Now that workplaces are reopening after the pandemic, many companies are trying to figure out how to effectively address burnout. One of the most meaningful actions we can take as leaders is to set the tone at the top that it’s not only OK to take a break but that it’s encouraged. Leave loudly by telling your team you’re signing off or using a Slack emoji to show that you’re offline. These seemingly small signals go a long way in promoting healthy work-life integration.

The most important thing we can do as leaders is recognize that our tone can shift the energy in the room (or Zoom). That doesn’t mean you need to be a cheerleader every day – you’re only human, after all – but it should serve as a reminder that your words carry weight. So when possible, choose them intentionally.

Read the original article on Business Insider

4 things you need to know about the future of hybrid and remote work

Spotify employees, spotify office
Spotify’s new work-from-anywhere program will promote flexibility and diversity, executives told Insider.

  • As more Americans get vaccinated, companies are starting to reconsider their reopening plans.
  • Employers like Spotify and TIAA are investing in hybrid work models.
  • This guide explains what you need to know about the future of hybrid work.
  • See more stories on Insider’s business page.

The post-pandemic workplace is going to look a lot different. Mostly, there will be fewer people in the office.

As more Americans get vaccinated, companies are starting to think about what their reopening plans might look like. Some employers, like Spotify and TIAA have decided to invest in hybrid work models, giving employees the flexibility to work from the office, their homes, or another location.

Insider compiled a guide with the four most important things to know about the future of hybrid work.

1. Remote work is leading to burnout.

Burnout and fatigue are familiar themes of pandemic life. Meetings are booming, workdays are lengthening. And at the same time, per recent LinkedIn survey data, 74% of employees are taking “shelter” in their current job as a way of mitigating risk during tumultuous times.

While what it means to work from home isn’t going to be the same in post-pandemic life, these remote and hybrid – where you come into the office some of the time – work styles are likely to. But conflict is rising around the best way to do it without sacrificing quality, company success, or personal wellbeing.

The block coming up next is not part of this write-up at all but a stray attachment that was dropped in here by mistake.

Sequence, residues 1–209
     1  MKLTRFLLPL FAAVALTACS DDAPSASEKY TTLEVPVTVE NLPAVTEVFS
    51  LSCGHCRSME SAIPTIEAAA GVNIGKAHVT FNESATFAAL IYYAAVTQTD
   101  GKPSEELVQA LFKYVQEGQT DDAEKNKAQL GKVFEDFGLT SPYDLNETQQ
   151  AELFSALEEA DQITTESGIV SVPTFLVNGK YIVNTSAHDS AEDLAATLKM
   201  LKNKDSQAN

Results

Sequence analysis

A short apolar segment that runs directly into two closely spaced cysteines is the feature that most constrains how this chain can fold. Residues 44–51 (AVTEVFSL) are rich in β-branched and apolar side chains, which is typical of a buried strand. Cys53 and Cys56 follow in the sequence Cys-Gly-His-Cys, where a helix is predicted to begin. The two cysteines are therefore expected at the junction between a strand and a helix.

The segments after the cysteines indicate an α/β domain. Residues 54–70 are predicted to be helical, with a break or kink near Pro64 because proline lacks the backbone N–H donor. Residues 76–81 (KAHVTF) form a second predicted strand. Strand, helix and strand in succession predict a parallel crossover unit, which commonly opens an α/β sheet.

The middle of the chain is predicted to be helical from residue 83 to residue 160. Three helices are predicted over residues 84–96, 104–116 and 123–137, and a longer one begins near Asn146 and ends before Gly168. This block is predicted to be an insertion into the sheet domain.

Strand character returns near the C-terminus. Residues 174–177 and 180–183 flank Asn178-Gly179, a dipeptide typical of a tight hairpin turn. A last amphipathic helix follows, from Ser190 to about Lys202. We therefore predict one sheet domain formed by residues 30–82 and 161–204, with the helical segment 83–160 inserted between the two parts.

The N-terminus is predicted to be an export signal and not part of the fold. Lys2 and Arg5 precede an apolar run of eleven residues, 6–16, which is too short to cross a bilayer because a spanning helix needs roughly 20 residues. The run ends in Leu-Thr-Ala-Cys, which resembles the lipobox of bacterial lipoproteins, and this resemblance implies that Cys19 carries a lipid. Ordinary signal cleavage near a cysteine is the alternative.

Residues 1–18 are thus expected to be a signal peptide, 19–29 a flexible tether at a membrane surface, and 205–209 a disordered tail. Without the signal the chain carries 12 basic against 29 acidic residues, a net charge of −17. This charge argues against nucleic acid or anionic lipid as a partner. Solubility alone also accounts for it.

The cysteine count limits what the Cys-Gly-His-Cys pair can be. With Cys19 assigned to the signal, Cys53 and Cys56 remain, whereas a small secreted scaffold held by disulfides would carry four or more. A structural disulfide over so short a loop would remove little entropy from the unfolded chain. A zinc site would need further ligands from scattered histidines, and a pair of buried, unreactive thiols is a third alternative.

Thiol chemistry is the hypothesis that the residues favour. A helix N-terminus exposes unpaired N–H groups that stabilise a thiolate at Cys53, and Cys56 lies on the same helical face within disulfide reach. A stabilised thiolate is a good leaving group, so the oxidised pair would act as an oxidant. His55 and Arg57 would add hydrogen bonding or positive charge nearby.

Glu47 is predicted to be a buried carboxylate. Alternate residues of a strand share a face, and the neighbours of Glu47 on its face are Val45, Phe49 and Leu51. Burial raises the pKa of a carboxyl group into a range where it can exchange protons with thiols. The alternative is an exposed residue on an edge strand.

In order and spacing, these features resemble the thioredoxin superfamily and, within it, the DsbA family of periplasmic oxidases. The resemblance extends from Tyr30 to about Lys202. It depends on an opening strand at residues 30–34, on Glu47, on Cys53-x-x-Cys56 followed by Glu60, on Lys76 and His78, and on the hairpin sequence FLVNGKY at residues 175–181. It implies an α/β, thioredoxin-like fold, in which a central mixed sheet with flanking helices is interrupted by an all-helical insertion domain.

Read more:

Remote work can unlock productivity or push burnout. Here’s how smart companies are planning for our ‘hybrid’ and WFH future.

Use this 6-step checklist to conquer workplace burnout, protect your mental health, and re-energize your team

A day off work and ‘Zoom-free Fridays’ aren’t going to cut it. Here’s how to really tackle burnout.

Consulting confessions: 6 current and former staffers at Deloitte, PwC, and other top firms detail pandemic burnout

2. Prioritizing camaraderie and communication can improve remote-work culture.

Open lines of communication are key to improving the culture when you’re working from home. Leaders ned to ensure that all employees feel informed. It’s also important to give employees the opportunity to connect in more casual settings, like a virtual happy hour, to help them feel included.

Read more:

A Facebook exec shares 4 strategies any leader can use to improve communication and camaraderie when working remotely

Etsy’s chief operations, strategy, and people officer shares how the company maintains its culture while working remotely

3. The rise of remote work also means the rise of the virtual headquarters.

The pandemic means some employers have reduced the amount of real estate they own or rent. Some are getting rid of offices entirely.

But this presents a new challenge for employers, who now need to recapture the visibility, casual conversations, and collaboration that came so easily in person. Their best bet, technologists working to solve the problem said, is to create a virtual HQ – a suite of office tools that allow employees to work collaboratively from home.